It also knows how to add, update, and delete records when you send a DataSet back to the database. A DataSet is disconnected from the database and contains one or more DataTables depending on your query.
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It can also contain the relationships between the tables, so you can return less data and query the DataSet as if it were a mini database. ToString ds. This returns a DataTable object, which has a Rows collection property. To retrieve the value of a field, pass in either a name or an index to its indexer. Again, you are responsible for casting the value to the right type. A typical example of a scalar query is when you want to return a count of records in a table. Scalar queries perform better than DataReaders and DataSets because they return less data.
ToInt32 cmd. ExecuteScalar ; The trusty Command object is still used but the ExecuteScalar method is called, which returns an object.
You have to cast the object to the expected type. Be aware that if the query you execute returns more than one column or row, you will not get an exception. They will be ignored and you will be none the wiser, so be sure to write your queries correctly. SqlHelper The syntax for connecting to a database and executing queries can become quite repetitive.
A good practice is to wrap these calls into a single class that the DAL can easily call with typed parameters.
Luckily, Microsoft already did this. From their website, you can download the Microsoft Data Access Application Block, which contains a class called SqlHelper that is a wrapper for all of the aforementioned methods but contains overloaded methods of each depending on how you implement the DAL. Later versions use generics and can be used against different databases such as SQL Server and Oracle, but the code is much more complex. This provides the calling procedure with greater flexibility because you may need to execute the same stored procedure but it may be part of a transaction in one call and by itself in another call.
The first, fourth, and seventh methods call the second, fifth, and eighth methods, respectively. The only difference is that it passes in null for the SqlParameters argument. When calling the second, fifth, or eighth method, you need to know the parameters for the stored procedure and create them before calling the method. This involves an extra hit to the database because it queries the database, but the SqlHelper class caches the parameter list the first time the procedure is called and then uses the cached parameters for all subsequent calls. After the SqlParameters have been resolved, they call the second, fifth, and eighth methods, which take a SqlParameters array, so all calls eventually make it to either the second, fifth, or eighth methods.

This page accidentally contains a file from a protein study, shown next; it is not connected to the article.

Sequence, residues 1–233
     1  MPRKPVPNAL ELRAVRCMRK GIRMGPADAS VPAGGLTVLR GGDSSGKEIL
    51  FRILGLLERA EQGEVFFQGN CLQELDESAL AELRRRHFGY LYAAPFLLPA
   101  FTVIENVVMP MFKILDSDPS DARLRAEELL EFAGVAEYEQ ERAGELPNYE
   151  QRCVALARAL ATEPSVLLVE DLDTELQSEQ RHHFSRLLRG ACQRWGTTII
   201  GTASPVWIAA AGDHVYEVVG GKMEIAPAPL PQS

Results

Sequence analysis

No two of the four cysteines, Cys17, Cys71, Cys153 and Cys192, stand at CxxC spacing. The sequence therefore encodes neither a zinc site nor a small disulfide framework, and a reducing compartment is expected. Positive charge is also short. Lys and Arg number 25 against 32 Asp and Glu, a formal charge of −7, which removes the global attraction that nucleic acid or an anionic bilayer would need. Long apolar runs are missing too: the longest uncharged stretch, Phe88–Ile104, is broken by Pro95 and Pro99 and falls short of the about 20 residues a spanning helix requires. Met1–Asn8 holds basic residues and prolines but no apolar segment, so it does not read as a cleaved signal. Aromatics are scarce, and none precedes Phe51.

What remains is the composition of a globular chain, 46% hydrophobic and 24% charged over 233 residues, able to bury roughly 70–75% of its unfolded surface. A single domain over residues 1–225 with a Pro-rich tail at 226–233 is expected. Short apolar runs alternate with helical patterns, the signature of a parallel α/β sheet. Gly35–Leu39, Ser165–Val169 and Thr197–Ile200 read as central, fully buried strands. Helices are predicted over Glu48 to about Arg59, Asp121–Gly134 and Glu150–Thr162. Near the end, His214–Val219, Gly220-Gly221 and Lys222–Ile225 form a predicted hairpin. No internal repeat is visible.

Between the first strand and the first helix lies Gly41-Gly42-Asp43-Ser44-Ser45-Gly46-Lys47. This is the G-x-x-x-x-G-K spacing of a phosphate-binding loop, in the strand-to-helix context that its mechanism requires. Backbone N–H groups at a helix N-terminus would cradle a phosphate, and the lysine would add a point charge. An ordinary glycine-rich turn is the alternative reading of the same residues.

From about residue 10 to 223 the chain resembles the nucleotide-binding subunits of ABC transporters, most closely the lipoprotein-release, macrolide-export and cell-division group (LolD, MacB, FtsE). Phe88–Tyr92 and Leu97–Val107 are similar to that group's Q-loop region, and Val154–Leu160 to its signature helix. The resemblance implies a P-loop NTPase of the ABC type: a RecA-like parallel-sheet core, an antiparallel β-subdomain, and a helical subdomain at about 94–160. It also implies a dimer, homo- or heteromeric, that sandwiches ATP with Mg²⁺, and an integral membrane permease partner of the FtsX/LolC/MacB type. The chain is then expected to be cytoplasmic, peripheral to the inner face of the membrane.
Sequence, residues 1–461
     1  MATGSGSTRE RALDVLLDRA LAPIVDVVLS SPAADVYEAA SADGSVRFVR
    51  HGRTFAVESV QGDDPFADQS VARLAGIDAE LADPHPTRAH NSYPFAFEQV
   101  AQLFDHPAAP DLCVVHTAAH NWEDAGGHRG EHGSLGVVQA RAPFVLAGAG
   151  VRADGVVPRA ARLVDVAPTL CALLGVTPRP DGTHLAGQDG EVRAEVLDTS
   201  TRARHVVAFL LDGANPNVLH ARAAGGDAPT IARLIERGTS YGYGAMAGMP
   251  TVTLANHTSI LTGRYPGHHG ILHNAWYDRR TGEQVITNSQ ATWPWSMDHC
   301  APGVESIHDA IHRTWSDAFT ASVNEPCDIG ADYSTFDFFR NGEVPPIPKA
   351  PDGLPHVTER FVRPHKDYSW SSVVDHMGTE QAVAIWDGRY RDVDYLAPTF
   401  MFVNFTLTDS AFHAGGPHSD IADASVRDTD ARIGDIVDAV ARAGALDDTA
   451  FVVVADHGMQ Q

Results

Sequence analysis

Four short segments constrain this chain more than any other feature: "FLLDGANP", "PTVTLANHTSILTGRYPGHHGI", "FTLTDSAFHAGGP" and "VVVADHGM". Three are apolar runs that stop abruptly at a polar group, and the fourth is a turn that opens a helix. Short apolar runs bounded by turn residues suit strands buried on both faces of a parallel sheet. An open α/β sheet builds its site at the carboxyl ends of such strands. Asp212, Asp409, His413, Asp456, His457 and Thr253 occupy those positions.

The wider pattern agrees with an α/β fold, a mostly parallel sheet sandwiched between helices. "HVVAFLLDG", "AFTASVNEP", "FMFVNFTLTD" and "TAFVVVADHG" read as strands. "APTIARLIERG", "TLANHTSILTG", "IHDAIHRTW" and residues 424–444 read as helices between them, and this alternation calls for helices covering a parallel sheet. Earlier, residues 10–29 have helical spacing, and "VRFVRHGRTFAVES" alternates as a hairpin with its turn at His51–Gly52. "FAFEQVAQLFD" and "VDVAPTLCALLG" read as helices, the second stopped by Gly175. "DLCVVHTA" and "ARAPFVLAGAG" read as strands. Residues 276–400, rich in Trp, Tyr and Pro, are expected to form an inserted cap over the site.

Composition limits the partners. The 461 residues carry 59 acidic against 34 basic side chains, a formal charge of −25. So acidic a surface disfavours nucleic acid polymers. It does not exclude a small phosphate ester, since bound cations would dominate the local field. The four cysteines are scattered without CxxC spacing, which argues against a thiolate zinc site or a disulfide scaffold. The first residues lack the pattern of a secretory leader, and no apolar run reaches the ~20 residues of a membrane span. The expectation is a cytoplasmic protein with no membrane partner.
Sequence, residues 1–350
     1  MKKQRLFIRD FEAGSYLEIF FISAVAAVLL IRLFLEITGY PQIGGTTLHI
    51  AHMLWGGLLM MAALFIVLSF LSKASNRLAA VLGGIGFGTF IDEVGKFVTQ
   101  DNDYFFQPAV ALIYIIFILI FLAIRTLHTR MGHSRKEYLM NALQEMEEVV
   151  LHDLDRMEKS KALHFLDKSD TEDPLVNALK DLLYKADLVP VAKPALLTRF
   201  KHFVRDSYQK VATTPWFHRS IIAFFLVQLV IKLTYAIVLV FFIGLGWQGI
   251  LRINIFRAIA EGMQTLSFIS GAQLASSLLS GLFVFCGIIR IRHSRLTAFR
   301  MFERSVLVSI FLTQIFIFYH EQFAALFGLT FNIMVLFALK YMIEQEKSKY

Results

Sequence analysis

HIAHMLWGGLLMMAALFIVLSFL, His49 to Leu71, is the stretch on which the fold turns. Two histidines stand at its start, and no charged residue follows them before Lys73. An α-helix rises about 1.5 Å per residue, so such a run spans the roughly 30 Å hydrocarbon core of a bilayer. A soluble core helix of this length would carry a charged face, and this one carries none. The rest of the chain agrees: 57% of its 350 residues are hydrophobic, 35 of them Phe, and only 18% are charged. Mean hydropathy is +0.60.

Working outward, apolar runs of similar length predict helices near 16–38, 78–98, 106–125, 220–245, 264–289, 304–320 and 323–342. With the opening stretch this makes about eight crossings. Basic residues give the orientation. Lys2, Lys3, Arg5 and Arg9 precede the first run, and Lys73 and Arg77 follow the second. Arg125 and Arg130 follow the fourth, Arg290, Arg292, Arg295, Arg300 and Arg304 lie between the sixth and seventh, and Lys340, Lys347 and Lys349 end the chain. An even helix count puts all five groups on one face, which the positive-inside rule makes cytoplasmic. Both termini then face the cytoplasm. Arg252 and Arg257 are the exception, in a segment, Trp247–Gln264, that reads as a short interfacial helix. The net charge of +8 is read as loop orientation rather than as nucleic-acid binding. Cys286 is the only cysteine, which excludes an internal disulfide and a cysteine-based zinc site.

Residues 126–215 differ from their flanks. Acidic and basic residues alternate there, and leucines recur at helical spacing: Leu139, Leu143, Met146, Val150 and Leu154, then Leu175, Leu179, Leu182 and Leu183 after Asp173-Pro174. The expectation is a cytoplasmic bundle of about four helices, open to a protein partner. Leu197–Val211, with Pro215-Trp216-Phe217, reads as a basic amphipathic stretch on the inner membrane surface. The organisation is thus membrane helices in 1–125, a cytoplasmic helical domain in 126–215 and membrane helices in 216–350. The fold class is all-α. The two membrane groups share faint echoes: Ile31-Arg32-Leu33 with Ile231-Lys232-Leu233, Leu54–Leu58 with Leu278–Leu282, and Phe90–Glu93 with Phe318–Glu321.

This way, I avoid the extra hit to the database, I can explicitly create the parameter and assign its value, unlike when calling the methods with the object array, and I can use output parameters and retrieve their values. When adding records, you normally return the ID of the newly added record. Output; SqlHelper. ToInt32 parameters. If a user pulls up a record on the screen, looks at it for a minute and makes a change and saves the record back to the database, the system should only update the record if it was the same as when the user started looking at it.
To accomplish this, you can add a datetime field or an int field that is incremented each time a record is updated. When you retrieve the record from the database, you need to persist this value somewhere on the page and pass it back to the database when saving the record. The update procedure would include this value in the where clause and only update the record if the value matches what it was when the record was 19 c The TimeStamp field is discussed in more detail later in this chapter.
Use the UserAccount sample shown earlier as an example. ToInt32 SqlHelper. If the rows affected do not equal 1, then the method returns false and the business layer can handle it appropriately. I typically do not throw exceptions here because this is a special case that I expect to handle.